I was an invited guest at an unusual promotion for French wine sponsored by Wines of France (that’s the French taxpayer, I think) on Friday night. First was the location: it was here. South of downtown, just off Ervay, next to the railroad tracks at the point where Google stops their street view efforts or I would have seen that their map wrongly shows Kelley Ave. emptying into Ervay. There was no problem parking right outside the place. Somebody had probably stolen the car that was previously there.
Second was the building. It is called Off The Grid because it is an old Dallas Power and Light substation building restored inside to transform it into an event space. The red brick walls have been scrubbed up and black stairways installed to allow easy movement between its three floors. It is all achingly cool (to the moderately fit).
Third, was the format of the progressive dinner. We would start on the ground floor and then eat successive courses on the second and third floors, before returning to ground for dessert.
Fourth was the method of invitation. Virtually every one of the approximately 70 attendees had heard about the event through social media. Wines of France is touring the country from New York, to Chicago, then San Francisco, and now a grand finale in Dallas. Locals who followed them on Facebook or Twitter got an invite to the Dallas event. The whole concept was managed by social media PR agency Lushlife. Although based out of NY, their account peep, Lindsey Johnson, grew up in Dallas so she knew the ‘lie of the land’, so to speak.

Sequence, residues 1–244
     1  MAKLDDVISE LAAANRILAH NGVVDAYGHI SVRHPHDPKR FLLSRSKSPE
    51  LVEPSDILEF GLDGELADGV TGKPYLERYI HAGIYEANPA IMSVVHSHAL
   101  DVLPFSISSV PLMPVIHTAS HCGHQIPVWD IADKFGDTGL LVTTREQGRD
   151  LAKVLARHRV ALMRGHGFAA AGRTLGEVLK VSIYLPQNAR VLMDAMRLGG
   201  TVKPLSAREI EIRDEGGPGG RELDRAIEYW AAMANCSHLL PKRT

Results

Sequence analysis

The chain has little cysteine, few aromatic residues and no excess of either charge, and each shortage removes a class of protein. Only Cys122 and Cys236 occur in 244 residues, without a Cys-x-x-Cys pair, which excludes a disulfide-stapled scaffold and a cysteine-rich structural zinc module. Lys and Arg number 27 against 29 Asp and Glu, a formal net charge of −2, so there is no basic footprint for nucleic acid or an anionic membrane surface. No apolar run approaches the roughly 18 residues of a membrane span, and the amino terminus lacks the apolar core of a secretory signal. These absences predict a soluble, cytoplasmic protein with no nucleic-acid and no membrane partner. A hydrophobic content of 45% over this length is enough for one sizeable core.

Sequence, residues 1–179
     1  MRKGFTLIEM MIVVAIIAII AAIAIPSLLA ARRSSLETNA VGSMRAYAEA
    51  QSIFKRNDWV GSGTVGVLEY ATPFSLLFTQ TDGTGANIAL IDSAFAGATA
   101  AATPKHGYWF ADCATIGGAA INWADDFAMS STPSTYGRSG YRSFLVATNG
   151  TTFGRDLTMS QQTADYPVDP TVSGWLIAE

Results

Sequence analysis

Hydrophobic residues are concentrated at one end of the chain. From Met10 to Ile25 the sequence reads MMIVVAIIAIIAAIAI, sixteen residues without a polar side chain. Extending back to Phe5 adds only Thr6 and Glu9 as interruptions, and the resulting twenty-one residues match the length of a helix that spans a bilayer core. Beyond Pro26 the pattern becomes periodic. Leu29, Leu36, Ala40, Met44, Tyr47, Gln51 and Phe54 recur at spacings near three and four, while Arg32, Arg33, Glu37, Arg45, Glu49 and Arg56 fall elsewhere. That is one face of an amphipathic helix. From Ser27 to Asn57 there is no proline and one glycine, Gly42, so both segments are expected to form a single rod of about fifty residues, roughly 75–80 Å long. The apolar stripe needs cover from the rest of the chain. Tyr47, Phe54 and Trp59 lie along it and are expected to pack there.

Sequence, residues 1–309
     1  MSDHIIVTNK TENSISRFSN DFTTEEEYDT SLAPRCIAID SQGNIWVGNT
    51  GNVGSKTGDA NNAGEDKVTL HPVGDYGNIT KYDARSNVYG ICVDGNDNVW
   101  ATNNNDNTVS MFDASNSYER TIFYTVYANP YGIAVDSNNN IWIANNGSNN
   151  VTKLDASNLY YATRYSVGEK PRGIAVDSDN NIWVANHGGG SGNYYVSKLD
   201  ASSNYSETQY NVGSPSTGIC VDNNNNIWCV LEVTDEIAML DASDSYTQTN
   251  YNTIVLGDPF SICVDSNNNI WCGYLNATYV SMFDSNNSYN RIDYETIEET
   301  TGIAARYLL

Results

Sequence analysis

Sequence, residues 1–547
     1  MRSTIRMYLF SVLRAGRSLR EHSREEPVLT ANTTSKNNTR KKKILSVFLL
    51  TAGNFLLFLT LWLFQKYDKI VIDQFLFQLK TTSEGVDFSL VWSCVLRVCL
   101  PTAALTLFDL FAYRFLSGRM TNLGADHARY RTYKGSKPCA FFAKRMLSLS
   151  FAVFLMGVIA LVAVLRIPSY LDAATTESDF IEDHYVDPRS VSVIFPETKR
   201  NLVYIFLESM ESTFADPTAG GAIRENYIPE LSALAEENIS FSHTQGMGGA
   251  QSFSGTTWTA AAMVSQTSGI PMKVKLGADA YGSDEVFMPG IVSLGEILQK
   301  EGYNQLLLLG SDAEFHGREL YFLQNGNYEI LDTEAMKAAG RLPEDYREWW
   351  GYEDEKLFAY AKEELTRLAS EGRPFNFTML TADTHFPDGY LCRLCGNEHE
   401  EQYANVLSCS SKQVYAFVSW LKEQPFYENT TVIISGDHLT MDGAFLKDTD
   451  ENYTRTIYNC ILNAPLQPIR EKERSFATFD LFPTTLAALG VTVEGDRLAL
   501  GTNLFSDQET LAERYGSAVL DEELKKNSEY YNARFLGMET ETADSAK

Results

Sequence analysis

Finally were the food and wine peeps at the Dallas end. Lushlife picked Campo execuchef (and Daniel Bouloud student), Michael Ehlert to prepare the meal, and Del Frisco’s wine director, Jennifer Jaco to handle and describe the wines.
Jump for the details.
It was nice to sample hors d’oeuvres of foie gras and summer melon soup with poached rock shrimp, and to munch through a chilled salad of Texas peas with truffle egg focaccia and baby lettuce, before digging in to a strip steak cooked outside on the barbecue by a sous chef who not only used to work at The Chesterfield but also provides protection services (methinks he chose a good neighborhood to pitch for business). A topping of anchovy butter and Texas peaches (with their flavors concentrated by baking in the oven), smoked potato wedges, and a smear of watercress purée were very appropriate sides to the meat. Thank God for the French, and their contributions to cuisine.
They also provided some well-chosen wines. With the hors d’oeuvres we downed a Rosé from Provence that was light-bodied with a great fruit-acid balance. With the salad a Côtes de Bourg white wine made from 75% Sauvignon Blanc and 25% French Colombard. The star was the red Bordeaux accompanying the steak. Although only five years old, it was ready to drink. The nose was a subtle blend of blackcurrants, sawdust and cedar. The taste, blackberry jam and cinnamon. With dessert we had the Nicolas Feuillate Brut Reserve Champagne. A fitting end to an unusual evening.
Based on these wines, France is making world class wines in the budget categories (most of the wines we tried are available around town). So, if the French want to do a world tour again, they are welcome back to Dallas, anytime.